zanzjan: (bookshelf)
Richard Castle [1], Heat Wave
Hyperion, New York, NY.

So, yes, I bought the book.

What can I say? I really like the TV show. Aside from Nathan Fillion, who I could pretty much look at (AND listen to, how rare is that for an actor?) all day, I don't always see the ending coming, and hey, I enjoy the irony of procrastinating from writing by watching a TV show about a writer procrastinating from writing.

So, yes, yes, I bought the book. I made it as far as page 5.

No, really. Five. I would have been able to report that I'd bailed on it at page four, except I ate something that disagreed with my digestive system yesterday and I've made a few more trips to the bathroom than usual, and it was either read a little bit more of this book or read the back of the shampoo bottles again, and the shampoo bottles were all out of reach.

Okay. Here's the premise of the TV show, for those unfamiliar: Castle is a bestselling, very well-regarded mystery author with an entire "NY Times Best Selling" series behind him. He's become stuck in a rut, so he kills off the main character from that first series as a way of forcing himself to move on, and then finds inspiration for the next series in a chance encounter with a (hot) female NYC homicide detective, and he pulls strings with the Mayor (a fan) so he can tag around with her in the name of research. He's funny, she's good at her job, there's chemistry, the supporting cast is excellent, and the cases are interesting and sneaky and not obvious. Works for me.

During the course of the first season, Castle the fictional character finishes (and sees into print, breaking a land-speed record for publishing) the first novel of his new series with the new main character inspired by the hot detective. Being clever, ABC thought it would be cool to produce the actual book. And hey, I'm only somewhat embarrassed to admit I thought it was a clever idea too.

We have, if you will, three layers of reality at play here:
1) the real world, where you and I[1] are readers/viewers, and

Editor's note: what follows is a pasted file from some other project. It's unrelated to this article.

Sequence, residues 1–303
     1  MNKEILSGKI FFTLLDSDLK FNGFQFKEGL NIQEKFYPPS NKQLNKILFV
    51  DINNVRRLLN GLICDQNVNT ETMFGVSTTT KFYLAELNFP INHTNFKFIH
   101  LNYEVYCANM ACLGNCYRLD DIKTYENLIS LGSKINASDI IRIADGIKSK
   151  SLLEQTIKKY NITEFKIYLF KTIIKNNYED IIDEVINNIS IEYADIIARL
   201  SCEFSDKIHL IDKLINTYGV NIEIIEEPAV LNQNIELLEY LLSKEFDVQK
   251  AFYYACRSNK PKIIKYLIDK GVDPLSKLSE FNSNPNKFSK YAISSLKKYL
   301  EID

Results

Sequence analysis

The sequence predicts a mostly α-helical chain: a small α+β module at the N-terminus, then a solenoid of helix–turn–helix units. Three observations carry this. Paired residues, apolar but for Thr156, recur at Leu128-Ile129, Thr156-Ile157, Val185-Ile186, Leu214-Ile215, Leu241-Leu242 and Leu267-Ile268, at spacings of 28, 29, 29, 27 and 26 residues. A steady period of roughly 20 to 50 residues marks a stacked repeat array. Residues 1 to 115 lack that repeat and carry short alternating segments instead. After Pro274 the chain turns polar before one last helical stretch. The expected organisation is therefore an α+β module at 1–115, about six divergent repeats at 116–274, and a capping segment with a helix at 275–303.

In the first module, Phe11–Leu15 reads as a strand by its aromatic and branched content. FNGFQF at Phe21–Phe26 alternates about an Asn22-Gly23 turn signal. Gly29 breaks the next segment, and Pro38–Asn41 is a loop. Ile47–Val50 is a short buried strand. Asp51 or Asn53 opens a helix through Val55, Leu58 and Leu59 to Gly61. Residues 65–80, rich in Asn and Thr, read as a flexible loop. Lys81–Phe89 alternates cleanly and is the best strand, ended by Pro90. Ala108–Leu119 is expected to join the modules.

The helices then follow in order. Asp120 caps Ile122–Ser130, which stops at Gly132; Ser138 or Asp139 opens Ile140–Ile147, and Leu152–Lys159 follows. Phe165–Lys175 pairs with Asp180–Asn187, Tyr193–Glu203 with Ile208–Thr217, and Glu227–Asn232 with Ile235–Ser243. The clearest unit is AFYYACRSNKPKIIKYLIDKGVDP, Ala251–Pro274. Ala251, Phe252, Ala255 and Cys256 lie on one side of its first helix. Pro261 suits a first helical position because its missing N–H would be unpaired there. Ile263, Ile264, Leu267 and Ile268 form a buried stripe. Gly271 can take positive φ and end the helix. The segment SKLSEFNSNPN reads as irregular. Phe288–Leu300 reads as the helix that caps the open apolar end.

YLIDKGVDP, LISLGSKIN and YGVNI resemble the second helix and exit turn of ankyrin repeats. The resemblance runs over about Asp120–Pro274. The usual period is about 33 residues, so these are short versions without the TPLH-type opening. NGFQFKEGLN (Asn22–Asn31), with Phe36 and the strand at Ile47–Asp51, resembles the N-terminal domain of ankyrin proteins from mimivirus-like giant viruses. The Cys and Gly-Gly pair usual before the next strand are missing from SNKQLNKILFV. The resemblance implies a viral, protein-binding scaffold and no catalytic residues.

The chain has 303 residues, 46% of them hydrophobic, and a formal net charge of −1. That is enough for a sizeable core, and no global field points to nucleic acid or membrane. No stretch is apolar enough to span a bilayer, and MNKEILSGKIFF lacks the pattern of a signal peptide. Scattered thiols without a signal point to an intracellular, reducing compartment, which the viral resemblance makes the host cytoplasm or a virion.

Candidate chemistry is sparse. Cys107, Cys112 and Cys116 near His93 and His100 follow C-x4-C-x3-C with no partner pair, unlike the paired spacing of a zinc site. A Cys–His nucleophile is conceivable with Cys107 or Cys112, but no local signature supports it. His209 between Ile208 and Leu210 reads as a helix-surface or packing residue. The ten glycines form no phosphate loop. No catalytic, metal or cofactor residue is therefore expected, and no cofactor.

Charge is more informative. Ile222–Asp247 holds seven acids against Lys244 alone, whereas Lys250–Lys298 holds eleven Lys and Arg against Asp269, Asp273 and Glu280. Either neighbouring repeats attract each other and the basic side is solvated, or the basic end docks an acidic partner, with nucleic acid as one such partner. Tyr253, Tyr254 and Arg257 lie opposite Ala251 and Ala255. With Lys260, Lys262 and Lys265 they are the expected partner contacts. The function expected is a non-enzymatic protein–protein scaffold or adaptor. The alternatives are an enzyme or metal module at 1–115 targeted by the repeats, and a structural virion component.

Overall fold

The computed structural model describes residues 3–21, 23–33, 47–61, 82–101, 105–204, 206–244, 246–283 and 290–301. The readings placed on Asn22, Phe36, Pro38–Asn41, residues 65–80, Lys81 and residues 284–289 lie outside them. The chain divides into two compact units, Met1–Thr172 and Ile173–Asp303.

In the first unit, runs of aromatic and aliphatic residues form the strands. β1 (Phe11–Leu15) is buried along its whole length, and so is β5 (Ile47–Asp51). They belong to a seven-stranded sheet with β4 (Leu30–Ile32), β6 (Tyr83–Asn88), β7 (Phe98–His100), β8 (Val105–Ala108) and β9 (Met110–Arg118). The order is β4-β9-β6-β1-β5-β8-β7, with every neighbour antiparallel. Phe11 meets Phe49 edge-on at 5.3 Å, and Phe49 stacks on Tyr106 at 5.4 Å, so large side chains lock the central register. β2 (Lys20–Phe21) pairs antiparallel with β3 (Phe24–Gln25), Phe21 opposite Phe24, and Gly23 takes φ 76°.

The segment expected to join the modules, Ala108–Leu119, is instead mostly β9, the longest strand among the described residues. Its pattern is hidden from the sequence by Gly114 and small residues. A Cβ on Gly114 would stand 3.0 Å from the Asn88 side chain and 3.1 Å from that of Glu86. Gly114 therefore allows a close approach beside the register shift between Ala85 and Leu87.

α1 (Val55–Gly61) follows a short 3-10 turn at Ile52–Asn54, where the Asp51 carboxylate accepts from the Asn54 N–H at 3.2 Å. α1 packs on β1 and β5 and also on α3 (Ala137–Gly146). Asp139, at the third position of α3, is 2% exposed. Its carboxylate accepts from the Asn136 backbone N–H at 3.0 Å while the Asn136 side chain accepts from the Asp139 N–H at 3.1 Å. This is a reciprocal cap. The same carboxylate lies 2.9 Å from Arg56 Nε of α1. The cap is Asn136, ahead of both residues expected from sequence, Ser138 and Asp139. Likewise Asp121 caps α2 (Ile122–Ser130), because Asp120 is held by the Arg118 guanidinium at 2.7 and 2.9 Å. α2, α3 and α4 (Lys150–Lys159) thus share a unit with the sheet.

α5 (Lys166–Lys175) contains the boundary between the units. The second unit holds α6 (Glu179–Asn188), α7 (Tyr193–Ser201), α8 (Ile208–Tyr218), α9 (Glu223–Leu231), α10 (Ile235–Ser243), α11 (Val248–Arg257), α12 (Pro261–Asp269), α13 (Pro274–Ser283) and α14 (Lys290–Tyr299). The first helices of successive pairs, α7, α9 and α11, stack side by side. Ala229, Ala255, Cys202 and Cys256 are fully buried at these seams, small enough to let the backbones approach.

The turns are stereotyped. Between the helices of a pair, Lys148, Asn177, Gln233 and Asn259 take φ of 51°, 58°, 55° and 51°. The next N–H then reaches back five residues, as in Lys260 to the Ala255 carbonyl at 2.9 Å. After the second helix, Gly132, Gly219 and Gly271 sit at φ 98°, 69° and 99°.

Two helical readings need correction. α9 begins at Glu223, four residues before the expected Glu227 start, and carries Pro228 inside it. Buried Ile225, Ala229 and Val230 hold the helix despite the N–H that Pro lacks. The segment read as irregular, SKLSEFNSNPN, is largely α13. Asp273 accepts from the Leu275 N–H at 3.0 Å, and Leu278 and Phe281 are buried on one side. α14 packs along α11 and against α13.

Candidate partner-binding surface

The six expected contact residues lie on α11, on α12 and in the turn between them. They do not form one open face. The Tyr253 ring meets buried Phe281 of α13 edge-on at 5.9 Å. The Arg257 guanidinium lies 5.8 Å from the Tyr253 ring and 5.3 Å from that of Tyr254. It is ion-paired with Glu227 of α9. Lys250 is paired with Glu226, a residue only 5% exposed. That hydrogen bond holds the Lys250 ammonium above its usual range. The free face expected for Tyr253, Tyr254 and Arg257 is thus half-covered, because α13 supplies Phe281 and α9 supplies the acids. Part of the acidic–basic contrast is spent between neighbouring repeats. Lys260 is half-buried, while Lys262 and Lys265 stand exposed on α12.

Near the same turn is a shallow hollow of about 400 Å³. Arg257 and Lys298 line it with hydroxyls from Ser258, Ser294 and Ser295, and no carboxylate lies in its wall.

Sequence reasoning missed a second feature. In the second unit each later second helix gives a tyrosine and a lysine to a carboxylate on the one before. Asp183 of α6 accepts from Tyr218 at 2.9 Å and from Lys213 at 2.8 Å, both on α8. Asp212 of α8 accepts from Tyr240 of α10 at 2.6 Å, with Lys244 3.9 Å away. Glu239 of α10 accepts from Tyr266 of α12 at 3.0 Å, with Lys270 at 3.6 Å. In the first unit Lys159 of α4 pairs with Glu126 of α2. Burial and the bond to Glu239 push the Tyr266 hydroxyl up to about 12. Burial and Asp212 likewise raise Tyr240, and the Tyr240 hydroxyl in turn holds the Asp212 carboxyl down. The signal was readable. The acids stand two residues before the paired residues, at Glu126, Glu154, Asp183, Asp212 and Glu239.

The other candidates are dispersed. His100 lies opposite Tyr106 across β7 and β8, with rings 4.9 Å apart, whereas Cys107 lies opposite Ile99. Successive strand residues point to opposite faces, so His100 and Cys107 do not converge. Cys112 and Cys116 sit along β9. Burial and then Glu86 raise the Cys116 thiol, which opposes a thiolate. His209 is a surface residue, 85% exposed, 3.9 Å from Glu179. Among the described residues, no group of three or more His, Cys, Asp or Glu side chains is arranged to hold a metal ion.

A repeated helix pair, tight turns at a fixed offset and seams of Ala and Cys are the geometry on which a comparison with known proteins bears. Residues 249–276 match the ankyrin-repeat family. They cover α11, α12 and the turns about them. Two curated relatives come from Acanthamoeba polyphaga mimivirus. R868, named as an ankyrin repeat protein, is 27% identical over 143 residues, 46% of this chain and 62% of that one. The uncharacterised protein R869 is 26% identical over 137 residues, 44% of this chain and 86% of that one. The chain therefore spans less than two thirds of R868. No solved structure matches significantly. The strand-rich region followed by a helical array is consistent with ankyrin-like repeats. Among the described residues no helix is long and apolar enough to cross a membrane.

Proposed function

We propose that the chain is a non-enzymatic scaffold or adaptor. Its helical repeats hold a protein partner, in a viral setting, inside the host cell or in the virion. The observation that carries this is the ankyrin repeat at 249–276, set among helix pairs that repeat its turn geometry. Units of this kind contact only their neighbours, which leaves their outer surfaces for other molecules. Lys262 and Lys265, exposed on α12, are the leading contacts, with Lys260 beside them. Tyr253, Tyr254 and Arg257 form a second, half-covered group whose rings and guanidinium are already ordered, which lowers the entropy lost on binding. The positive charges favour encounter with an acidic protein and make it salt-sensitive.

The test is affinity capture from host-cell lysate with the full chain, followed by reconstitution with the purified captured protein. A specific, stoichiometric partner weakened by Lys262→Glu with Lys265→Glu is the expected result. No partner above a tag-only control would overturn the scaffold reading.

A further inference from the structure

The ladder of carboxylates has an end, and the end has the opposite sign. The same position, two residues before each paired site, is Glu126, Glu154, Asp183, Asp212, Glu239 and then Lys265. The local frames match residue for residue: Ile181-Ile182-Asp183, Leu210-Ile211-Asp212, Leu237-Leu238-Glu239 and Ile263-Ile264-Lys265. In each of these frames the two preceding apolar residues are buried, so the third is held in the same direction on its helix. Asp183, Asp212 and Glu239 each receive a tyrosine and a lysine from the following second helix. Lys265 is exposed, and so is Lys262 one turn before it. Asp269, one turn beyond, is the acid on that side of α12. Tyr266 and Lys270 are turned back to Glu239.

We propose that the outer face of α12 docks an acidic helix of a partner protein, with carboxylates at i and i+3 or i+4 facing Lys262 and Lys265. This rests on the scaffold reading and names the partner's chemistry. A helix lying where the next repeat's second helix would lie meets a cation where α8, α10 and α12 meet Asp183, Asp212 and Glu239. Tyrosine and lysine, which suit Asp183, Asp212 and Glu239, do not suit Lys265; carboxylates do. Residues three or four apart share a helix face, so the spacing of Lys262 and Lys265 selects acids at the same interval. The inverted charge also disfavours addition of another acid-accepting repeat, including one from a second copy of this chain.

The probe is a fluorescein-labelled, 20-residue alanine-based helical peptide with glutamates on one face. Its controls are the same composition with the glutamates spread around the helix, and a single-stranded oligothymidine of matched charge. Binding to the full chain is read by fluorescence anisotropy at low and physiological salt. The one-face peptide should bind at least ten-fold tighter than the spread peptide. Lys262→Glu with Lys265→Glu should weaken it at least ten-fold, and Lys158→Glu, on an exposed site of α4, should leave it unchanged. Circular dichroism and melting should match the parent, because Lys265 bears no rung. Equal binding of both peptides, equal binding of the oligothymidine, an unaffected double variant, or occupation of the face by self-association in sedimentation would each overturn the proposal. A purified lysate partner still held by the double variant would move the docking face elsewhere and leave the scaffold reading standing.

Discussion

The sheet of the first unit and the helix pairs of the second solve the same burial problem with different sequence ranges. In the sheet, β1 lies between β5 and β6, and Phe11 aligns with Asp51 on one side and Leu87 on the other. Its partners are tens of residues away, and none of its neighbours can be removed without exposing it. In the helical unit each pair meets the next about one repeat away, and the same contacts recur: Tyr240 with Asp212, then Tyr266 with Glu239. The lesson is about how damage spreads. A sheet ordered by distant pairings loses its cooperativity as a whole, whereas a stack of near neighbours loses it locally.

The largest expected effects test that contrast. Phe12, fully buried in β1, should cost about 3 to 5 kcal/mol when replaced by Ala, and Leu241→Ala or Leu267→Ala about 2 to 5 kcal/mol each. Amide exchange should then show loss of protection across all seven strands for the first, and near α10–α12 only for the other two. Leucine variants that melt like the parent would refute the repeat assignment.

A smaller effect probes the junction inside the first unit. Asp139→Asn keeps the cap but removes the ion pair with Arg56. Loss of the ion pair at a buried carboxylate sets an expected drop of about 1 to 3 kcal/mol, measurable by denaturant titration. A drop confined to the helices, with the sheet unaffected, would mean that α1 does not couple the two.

2) the world of the TV show where Castle and Detective Beckett are real people, and the book is real, and
3) the fictional world inside the book itself.

Publishing an actual book takes an artifact from layer #2 and moves it in layer #1, and in so doing carries the characters/world of #2 along with it, giving them a "presence" in our world. So, as a reader, if I'm going to suspend disbelief and go with Castle being a real author, and this book he's written being a real book (which is essentially the whole point of the exercise) there's a couple of things I need:

1) If Richard Castle is real, and a well-regarded best-selling author, then I need to believe that he's a good writer, which means the writing shouldn't be skill-less crap that would have a hard time making it out of a slush pile. (Also, a multi-best-selling novelist who can crank out a book of only 196 pages? That stretches my credulity a bit right there.)

2) If Richard Castle is real, and a well-regarded best-selling author, then I need to believe that he knows what he's doing, in which case the first five pages of this book shouldn't be the most unsubtle, irritatingly stupid, borderline offensive, wall of MARYSUE I think I've ever had the misfortune to pick up. If Castle was the writer (and the person) that the TV show wants us to believe he is, he would NEVER be so unimaginative and incompetent as to insert such a thinly-disguised version of himself ("Jameson Rook") into the story where he behaves like an arrogant ass from the very first moment. It intrudes the author into the book in an incredibly ham-handed way, which all but the most woefully clueless writer-wannabes know enough not to do.

I get what ABC was thinking: it's like an episode of Castle with different names, where the main characters get to hook up (I skipped and read the last paragraph; hey, it wasn't like it was going to *spoil* the book!) It's cute. (I guess. Well, no, it's not cute, but it bears the trappings of something that somebody else thought might be. Cutesy, maybe.)